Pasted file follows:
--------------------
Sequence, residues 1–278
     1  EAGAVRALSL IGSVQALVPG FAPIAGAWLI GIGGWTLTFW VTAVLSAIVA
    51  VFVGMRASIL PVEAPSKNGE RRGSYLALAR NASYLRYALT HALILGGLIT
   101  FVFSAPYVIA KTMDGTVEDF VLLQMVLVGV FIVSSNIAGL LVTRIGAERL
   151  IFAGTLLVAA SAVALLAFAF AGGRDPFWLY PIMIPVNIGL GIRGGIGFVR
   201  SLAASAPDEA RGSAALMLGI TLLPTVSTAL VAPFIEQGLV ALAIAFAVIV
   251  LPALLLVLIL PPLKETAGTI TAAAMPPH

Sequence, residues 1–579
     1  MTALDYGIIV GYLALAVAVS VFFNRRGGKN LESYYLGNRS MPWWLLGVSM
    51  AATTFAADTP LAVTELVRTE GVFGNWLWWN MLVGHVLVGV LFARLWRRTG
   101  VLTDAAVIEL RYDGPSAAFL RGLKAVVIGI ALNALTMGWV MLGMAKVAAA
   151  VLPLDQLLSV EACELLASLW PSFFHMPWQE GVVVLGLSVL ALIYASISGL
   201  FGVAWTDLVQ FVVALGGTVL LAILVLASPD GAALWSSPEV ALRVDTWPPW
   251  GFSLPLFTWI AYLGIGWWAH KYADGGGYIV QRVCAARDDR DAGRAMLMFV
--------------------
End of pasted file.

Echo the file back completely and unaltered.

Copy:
Sequence, residues 1–278
     1  EAGAVRALSL IGSVQALVPG FAPIAGAWLI GIGGWTLTFW VTAVLSAIVA
    51  VFVGMRASIL PVEAPSKNGE RRGSYLALAR NASYLRYALT HALILGGLIT
   101  FVFSAPYVIA KTMDGTVEDF VLLQMVLVGV FIVSSNIAGL LVTRIGAERL
   151  IFAGTLLVAA SAVALLAFAF AGGRDPFWLY PIMIPVNIGL GIRGGIGFVR
   201  SLAASAPDEA RGSAALMLGI TLLPTVSTAL VAPFIEQGLV ALAIAFAVIV
   251  LPALLLVLIL PPLKETAGTI TAAAMPPH

Sequence, residues 1–579
     1  MTALDYGIIV GYLALAVAVS VFFNRRGGKN LESYYLGNRS MPWWLLGVSM
    51  AATTFAADTP LAVTELVRTE GVFGNWLWWN MLVGHVLVGV LFARLWRRTG
   101  VLTDAAVIEL RYDGPSAAFL RGLKAVVIGI ALNALTMGWV MLGMAKVAAA
   151  VLPLDQLLSV EACELLASLW PSFFHMPWQE GVVVLGLSVL ALIYASISGL
   201  FGVAWTDLVQ FVVALGGTVL LAILVLASPD GAALWSSPEV ALRVDTWPPW
   251  GFSLPLFTWI AYLGIGWWAH KYADGGGYIV QRVCAARDDR DAGRAMLMFV